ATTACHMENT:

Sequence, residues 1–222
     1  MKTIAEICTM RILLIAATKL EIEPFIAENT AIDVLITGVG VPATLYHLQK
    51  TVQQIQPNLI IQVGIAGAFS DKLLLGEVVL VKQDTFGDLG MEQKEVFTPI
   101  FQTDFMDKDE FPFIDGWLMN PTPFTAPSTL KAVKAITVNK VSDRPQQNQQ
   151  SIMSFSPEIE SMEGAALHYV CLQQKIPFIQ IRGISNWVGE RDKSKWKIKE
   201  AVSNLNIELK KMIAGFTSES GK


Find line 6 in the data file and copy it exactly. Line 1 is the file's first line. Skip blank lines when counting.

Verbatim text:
   201  AVSNLNIELK KMIAGFTSES GK